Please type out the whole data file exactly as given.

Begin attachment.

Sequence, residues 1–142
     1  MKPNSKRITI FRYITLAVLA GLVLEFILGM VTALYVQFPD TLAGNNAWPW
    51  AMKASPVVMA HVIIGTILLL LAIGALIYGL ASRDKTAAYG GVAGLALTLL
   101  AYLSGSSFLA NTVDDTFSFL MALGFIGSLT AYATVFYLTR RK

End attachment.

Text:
Sequence, residues 1–142
     1  MKPNSKRITI FRYITLAVLA GLVLEFILGM VTALYVQFPD TLAGNNAWPW
    51  AMKASPVVMA HVIIGTILLL LAIGALIYGL ASRDKTAAYG GVAGLALTLL
   101  AYLSGSSFLA NTVDDTFSFL MALGFIGSLT AYATVFYLTR RK